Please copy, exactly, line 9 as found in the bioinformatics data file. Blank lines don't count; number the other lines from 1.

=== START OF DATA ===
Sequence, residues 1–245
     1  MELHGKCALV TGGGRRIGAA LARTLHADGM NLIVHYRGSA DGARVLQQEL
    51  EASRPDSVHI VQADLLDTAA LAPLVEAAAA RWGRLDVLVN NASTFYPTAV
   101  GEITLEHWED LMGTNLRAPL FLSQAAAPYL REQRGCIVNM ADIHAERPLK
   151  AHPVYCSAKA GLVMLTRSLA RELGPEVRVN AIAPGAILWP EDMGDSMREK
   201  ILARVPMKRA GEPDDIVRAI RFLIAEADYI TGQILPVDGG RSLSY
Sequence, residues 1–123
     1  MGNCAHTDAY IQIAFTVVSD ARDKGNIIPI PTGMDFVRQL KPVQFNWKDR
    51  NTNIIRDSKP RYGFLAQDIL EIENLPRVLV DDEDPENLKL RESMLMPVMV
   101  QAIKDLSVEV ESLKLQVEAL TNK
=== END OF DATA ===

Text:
    51  NTNIIRDSKP RYGFLAQDIL EIENLPRVLV DDEDPENLKL RESMLMPVMV